“Daddy, there is nothing to be afraid of. Stepping over the line is all. You will see Nawal, and Wutfa, the long-gone sisters; you will see Sittay, your mother. They will be waiting for you there. And we, we will be here, holding your hands as you cross. We will carry you with us. This is the heaven you’ve been waiting for, Baba, the one you’ve told us of. Dad-dy, yula, yimshay. Dad-dy, latt ba‘kebb shay.” Rocking there, quiet, he was afraid, but then calmed. The pain seemed as if it were gone. Then the heavy breathing, the night sweats. I’d place a cool damp cloth on his forehead, not missing a beat, rocking, rocking, and stroking his head. I’ve never had a child. Never known the absence or the departure of one. But I know this: my Baba was my child that night, in the dark room-light, the whole family watching him rock and quiet down. My mother said, “Neeyaleek.” You are so fortunate. She meant, You are so lucky he spent his last hours in your arms. She had tried to rise, told him, “Irtikkay alayay.” Lean on me. He lifted his head up, for the first time, with strength, and looked at her as if her stepping up to bear him were forbidden. He knew she could hardly stand; these were the days when she only used a cane, before she herself sat in a wheelchair, not long after, being hoisted from bed to chair to toilet.

Mama, only years ago, you wanted to hold him up, you thought you could, but he looked up and forbade it. He knew your body could not hold the weight. Mama, I could feel your sadness in having me hold him up instead, you wanting to be the wall that solidified his rest. Baba left me thatnight. The next day, he hardly spoke, and Gus sat much by his side. I wish I’d spent more time there, by the bed, this second night. Wishes don’t lie. But I finally left to my brother’s house to sleep. The next morning I woke, almost denying. I made calls, spoke for hours on the phone out in the back yard, catching up with old friends. What was I thinking? That he would live awhile? Something then prodded me to get up, to make my way out, and as I left the door, heading for my car, the phone rang. It was Tamra, my niece, announcing, “Jido’s leaving. He’s turning blue.” I sped; it didn’t seemed fast enough. I sprinted up the many stairs to find them all standing around his bed, Bryan crying, though trying not to, his wife rubbing his shoulders. We all looked down at his face. “Baba, Baba, I love you!” “Anna hannee.” I am here. I can’t remember if I kissed his face; I can’t remember much, only that, minutes later, maybe two, he was gone, lying on his back, looking up. And then they came to wash the body, to prop his head up, his neck really. The room smelled sweet, the ketonic scent of the body that lingers and fills rooms.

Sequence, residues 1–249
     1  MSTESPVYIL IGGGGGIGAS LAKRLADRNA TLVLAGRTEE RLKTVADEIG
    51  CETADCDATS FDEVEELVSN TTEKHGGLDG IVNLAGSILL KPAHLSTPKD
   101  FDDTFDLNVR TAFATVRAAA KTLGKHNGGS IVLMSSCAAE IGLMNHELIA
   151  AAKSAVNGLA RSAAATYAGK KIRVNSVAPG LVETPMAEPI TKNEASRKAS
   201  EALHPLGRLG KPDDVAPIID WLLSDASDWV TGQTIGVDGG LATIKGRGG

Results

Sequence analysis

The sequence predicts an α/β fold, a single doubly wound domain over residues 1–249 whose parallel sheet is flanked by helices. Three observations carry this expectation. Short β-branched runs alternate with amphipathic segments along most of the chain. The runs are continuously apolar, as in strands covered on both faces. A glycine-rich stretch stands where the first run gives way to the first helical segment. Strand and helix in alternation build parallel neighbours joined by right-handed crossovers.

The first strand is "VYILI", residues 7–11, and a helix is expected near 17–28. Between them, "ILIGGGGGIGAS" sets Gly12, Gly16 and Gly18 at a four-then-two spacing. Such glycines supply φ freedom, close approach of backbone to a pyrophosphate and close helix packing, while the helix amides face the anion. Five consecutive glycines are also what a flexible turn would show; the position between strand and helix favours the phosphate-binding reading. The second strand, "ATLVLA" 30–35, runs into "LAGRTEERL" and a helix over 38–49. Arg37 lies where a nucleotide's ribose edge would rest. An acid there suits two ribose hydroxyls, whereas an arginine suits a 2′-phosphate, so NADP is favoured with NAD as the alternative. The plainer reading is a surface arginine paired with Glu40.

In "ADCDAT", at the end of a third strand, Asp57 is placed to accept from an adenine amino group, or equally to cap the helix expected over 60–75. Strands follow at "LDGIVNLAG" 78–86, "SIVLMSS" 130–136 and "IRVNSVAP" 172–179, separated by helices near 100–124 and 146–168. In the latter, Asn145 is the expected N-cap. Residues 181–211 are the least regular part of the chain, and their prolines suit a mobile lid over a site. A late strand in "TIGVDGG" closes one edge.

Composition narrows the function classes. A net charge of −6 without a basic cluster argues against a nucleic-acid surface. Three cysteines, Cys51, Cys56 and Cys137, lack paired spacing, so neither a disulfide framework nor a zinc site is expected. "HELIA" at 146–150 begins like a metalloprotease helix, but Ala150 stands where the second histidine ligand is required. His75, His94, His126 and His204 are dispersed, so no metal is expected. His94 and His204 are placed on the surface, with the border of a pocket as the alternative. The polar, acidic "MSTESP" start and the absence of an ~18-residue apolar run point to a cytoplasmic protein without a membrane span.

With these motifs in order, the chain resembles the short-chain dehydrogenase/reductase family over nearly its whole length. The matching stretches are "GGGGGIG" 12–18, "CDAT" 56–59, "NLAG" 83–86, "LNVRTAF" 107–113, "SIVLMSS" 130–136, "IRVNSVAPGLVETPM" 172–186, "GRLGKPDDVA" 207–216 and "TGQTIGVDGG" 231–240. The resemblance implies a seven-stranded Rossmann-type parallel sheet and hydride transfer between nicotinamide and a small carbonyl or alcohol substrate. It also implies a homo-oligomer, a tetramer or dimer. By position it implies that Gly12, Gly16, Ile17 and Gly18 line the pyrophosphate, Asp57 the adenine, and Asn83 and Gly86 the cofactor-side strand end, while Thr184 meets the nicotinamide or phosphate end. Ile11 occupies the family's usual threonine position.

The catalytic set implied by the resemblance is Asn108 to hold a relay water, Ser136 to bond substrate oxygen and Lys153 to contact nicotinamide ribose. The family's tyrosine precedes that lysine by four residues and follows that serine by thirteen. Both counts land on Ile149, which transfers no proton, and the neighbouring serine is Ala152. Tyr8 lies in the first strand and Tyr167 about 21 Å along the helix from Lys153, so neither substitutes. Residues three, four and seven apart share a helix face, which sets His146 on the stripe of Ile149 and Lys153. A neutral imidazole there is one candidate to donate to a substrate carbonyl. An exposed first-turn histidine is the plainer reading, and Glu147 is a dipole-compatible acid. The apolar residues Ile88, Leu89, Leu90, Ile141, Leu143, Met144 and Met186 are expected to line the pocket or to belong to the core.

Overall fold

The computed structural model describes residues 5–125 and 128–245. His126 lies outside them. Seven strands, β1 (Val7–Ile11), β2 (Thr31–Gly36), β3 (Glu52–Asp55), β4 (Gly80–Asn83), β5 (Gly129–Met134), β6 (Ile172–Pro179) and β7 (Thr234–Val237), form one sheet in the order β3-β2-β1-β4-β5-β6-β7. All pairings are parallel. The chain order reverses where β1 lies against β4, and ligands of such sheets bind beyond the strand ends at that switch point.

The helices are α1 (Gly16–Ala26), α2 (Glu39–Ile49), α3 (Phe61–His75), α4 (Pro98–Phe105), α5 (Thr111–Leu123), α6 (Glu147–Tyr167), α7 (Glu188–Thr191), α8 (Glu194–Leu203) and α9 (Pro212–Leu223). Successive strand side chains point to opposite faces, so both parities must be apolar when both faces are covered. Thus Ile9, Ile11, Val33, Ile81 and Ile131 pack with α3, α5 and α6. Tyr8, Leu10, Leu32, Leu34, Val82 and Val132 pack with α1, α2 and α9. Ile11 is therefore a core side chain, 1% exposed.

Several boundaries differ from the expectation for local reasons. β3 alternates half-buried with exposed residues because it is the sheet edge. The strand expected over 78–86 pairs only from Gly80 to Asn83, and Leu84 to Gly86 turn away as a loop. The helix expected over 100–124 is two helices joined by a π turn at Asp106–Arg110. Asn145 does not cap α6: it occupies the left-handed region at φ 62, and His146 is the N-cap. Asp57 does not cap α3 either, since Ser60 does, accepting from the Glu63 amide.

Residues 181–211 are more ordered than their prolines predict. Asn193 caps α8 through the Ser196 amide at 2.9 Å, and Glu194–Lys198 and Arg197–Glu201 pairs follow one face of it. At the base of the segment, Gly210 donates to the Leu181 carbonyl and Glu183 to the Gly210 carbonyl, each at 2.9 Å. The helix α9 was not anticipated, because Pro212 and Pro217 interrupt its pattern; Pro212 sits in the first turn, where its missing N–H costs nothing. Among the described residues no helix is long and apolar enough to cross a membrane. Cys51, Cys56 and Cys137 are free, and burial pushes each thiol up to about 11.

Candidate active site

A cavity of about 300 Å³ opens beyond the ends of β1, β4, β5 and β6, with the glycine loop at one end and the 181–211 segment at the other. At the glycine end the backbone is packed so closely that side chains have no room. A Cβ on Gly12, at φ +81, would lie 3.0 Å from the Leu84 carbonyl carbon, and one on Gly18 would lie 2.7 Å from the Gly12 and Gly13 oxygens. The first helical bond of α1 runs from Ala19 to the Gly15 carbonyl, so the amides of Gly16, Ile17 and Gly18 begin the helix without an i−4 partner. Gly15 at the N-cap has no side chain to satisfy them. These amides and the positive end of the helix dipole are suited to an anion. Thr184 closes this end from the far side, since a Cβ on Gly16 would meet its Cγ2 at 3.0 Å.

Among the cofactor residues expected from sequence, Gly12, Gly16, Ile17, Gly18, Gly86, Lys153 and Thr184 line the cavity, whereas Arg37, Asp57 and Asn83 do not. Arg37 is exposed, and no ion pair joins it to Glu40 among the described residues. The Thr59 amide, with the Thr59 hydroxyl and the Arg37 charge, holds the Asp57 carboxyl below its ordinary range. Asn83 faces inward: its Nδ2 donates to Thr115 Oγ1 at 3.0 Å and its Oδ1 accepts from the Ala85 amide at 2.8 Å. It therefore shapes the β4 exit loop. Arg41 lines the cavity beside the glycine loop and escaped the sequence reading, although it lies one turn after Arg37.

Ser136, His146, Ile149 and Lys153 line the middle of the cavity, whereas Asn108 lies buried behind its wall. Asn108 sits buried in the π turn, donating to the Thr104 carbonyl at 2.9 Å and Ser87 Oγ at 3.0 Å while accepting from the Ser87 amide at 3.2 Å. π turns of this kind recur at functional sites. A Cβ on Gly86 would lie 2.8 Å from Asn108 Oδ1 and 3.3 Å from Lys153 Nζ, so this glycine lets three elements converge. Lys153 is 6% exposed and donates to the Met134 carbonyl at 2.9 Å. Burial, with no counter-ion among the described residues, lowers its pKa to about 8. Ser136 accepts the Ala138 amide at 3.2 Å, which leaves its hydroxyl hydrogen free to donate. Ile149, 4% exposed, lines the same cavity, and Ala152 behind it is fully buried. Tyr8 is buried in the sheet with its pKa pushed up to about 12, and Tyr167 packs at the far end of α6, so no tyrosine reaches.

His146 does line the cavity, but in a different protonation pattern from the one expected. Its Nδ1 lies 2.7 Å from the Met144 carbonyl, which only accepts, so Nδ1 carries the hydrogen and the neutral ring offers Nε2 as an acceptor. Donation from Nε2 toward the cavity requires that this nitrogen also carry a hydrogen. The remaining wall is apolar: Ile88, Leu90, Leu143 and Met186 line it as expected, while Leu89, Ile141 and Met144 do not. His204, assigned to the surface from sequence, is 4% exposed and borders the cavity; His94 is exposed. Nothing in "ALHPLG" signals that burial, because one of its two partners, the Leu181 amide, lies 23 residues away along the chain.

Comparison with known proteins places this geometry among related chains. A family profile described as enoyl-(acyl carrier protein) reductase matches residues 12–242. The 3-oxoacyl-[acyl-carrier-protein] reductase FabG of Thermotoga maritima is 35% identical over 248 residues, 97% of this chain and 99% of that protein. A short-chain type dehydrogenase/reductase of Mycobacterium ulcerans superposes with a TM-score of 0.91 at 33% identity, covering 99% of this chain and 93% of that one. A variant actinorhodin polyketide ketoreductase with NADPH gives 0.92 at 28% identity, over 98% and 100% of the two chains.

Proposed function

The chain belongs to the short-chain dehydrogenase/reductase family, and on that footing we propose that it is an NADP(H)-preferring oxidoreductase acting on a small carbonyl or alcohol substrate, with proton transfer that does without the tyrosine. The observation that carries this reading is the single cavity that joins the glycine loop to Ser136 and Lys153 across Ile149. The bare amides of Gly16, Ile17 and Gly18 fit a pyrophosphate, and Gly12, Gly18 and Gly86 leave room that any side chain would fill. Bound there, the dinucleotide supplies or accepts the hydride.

The priest came, and so did the cousins; we watched the body and cried. Mama finally went and put on her black clothes, her black scarf. She came back in and sat by the bed, closest to his head. She spoke to him, and wept, touching his hard face, rocking back and forth. “Salim. Salim. Rihett?” You’re gone? Then they came to take him, or the priest said to call them to come, “them” being the people that pick the bodies up. Mother cried, “No, a few more hours.” Khalee ishway. “Leave him awhile longer.” Sa‘ah’l lakh, sa‘sah’l l a k h. “One more hour. One more hour.” The priest was tired, I know, but my father was leaving his house, leaving his body, leaving his wife. Mama cried, “Khaloo ishway.” So we did, but it felt rushed. The van came; I remember a dark-green blanket. They rolled the gurney out, and we all marched outside with them, standing there, a conglomeration of mourners at the open back doors of the van. Baba’s body had already been slid in, and there were the feet, the feet that peeked out of the dark-green blanket. My mother kissed them, said, “Dakh-eell ij-rrekk.” The precious feet. I think we all kissed them. It’s hard to remember what passed, only that my father’s feet, stiff as boards, were facing the house, before the doors were shut, before they drove him away. I preferred them facing the house, as if pointing to the place that carried him, as if arriving.